Meenakshi Shedde: Diwali in Bastar
I spent Diwali week in Bastar, travelling across Andhra Pradesh, Chhattisgarh and Odisha, mostly with various Indian tribes. Development is rapidly erasing tribal lifestyles and traditions
I spent Diwali week in Bastar, travelling across Andhra Pradesh, Chhattisgarh and Odisha, mostly with various Indian tribes. Development is rapidly erasing tribal lifestyles and traditions. So, my sister Sarayu Kamat, who has a knack for ‘curating’ intoxicating holidays, got Vana Safaris to work out an outstanding tribal circuit. It was election time in Chhattisgarh, of which Bastar is a district, with headquarters in Jagdalpur. Our vehicle was checked now and then, but otherwise, we only read of Maoists threatening to chop off locals’ fingers if they voted, from the occasional newspaper bits in which the steamed sweet potatoes came wrapped. Otherwise, this was a real holiday — no newspapers, and very little Wi-Fi, email or WhatsApp — very heavenly.
We met various tribals across the states, including Gonds, Bison-horn Marias (who danced for us wearing their bison-horn headdress), Murias and Dorlas (whose bare torsos were covered with beaded jewellery, rather than clothes). In the weekly haats (bazaars), we met more tribals, including Parajas, Gadabas, Bhumias and Dongria Kondhs. In Bastar, a Bhatra woman offered us, early morning, a welcome drink of mahua, a colourless alcohol distilled from mahua flowers, with the effect of a very angry donkey’s kick. Later, we had dinner at the home of Guruwari, a Muria, under the stars. We were offered sulphi, an alcohol made from the sap of the fish-tail palm (“very good for the tummy,” yes, yes). A simple, delicious meal followed, on sal-leaf plates. Sadly, we were not offered chapra, a chutney made of red ants.
We visited several tribal haats or weekly bazaars: at Tokapal (Bastar, Chhattisgarh); Chatikona in Bissam Cuttack, Rayagada district, Odisha; Onukudelli at Lamtaput, Odisha (some haats were patrolled by the Border Security Force, watching out for Naxalite trouble). We made thrilling discoveries — spectacular tribal jewellery made with silver, or beads; exotic vegetables and tubers; peacock-quill fishing rods, and more. The haats were crawling with foreigners: foreign tribes study Indian tribes, and vice versa. Bargaining is a squealy adventure: when you ask the price, they will raise, say, four fingers. Four hundred? Four thousand? You raise three. They will grab both your hands, grunt and swear. Help! Somebody please provide English subtitles. Others, unable to count beyond their fingers, ask you how much change they should return. Yet other sharpies demand money for taking their photos.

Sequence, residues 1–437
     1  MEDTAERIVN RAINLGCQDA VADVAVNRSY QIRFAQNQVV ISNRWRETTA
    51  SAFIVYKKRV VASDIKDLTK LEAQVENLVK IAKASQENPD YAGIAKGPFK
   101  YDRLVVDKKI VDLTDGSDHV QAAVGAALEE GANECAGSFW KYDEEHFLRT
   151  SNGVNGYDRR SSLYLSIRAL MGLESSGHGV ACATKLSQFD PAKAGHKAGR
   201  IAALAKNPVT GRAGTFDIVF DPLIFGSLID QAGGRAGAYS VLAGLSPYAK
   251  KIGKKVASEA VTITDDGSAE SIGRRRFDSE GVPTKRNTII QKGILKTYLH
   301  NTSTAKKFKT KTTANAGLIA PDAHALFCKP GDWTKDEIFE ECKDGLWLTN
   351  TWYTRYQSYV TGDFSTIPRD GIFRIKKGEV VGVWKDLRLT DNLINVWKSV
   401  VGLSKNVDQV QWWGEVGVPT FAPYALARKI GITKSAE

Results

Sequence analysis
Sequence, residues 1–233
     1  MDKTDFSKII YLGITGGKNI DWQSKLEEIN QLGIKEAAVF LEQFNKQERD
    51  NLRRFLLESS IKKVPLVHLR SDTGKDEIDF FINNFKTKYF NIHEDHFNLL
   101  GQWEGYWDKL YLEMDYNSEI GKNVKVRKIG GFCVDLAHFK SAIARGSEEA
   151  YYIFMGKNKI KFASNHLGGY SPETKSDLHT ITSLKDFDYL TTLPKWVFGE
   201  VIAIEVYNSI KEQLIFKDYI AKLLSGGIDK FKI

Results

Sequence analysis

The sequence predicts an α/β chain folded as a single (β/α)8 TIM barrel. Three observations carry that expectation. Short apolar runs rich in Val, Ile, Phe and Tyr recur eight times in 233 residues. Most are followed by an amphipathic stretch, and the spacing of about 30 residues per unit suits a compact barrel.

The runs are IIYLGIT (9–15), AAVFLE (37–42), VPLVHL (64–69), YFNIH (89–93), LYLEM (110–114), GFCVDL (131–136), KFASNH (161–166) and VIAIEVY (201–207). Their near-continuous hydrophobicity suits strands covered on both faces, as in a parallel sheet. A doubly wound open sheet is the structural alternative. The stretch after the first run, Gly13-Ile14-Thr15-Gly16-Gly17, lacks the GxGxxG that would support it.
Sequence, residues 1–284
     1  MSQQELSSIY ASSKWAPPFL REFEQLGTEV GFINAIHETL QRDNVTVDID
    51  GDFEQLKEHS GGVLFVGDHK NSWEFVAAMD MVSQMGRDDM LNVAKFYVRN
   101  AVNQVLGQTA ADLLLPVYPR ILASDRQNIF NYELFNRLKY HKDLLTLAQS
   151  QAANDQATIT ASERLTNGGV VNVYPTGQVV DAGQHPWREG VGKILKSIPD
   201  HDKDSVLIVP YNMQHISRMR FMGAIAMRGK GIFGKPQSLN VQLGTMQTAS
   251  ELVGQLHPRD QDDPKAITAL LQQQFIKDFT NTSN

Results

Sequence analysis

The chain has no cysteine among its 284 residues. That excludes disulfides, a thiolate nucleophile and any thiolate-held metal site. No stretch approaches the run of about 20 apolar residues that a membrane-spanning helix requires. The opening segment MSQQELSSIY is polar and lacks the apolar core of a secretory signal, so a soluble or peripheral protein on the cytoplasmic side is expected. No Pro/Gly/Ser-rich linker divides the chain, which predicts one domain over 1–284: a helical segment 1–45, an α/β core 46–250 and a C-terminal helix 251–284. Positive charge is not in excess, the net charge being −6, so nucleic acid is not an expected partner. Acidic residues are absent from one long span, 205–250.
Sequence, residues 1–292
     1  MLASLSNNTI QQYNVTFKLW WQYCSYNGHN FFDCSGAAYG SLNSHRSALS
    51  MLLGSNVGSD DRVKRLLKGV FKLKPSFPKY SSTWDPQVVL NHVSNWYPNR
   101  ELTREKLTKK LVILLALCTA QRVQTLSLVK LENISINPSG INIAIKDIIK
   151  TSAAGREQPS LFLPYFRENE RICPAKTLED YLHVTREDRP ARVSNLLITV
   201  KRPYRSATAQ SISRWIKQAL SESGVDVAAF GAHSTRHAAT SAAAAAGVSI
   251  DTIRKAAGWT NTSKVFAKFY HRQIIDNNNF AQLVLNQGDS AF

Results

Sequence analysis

Some of these tribes are more sophisticated than we are. The Murias, for instance, have the ghotul system, an opportunity for teenagers to learn key life lessons. They live together, clean, cook, dance, choose their own partners, and have sex with them. In some ghotuls, couples are expected to change partners, to teach sharing, reduce heartburn and jealousy. Some Gonds are advanced: the men even offer dowry to the women. A number of the tribals we met lived modestly, but seemed far more content than we are. Yet, thousands of other tribals, who have been displaced due to massive mining for iron, coal, bauxite and more, live precariously.
Thanks to my sister, philanthropy has become a rewarding part of tourism for us. On the advice of local NGOs whom she contacted in advance, we distributed bedsheets in tribal hamlets. From Pratham Books’ StoryWeaver Creative Commons website, she also downloaded 40 beautiful storybooks in Gondi, which we distributed in tribal schools, along with drawing books, crayons and chocolates. At the Surukhani Primary School in Lamtaput Block, Koraput, tribal children recited a prayer, with their eyes tightly shut, feeling every word with such innocence and earnestness that I felt the sting of salt in my eyes.
Meenakshi Shedde is South Asia Consultant to the Berlin Film Festival, award-winning critic, curator to festivals worldwide and journalist. Reach her at firstname.lastname@example.org
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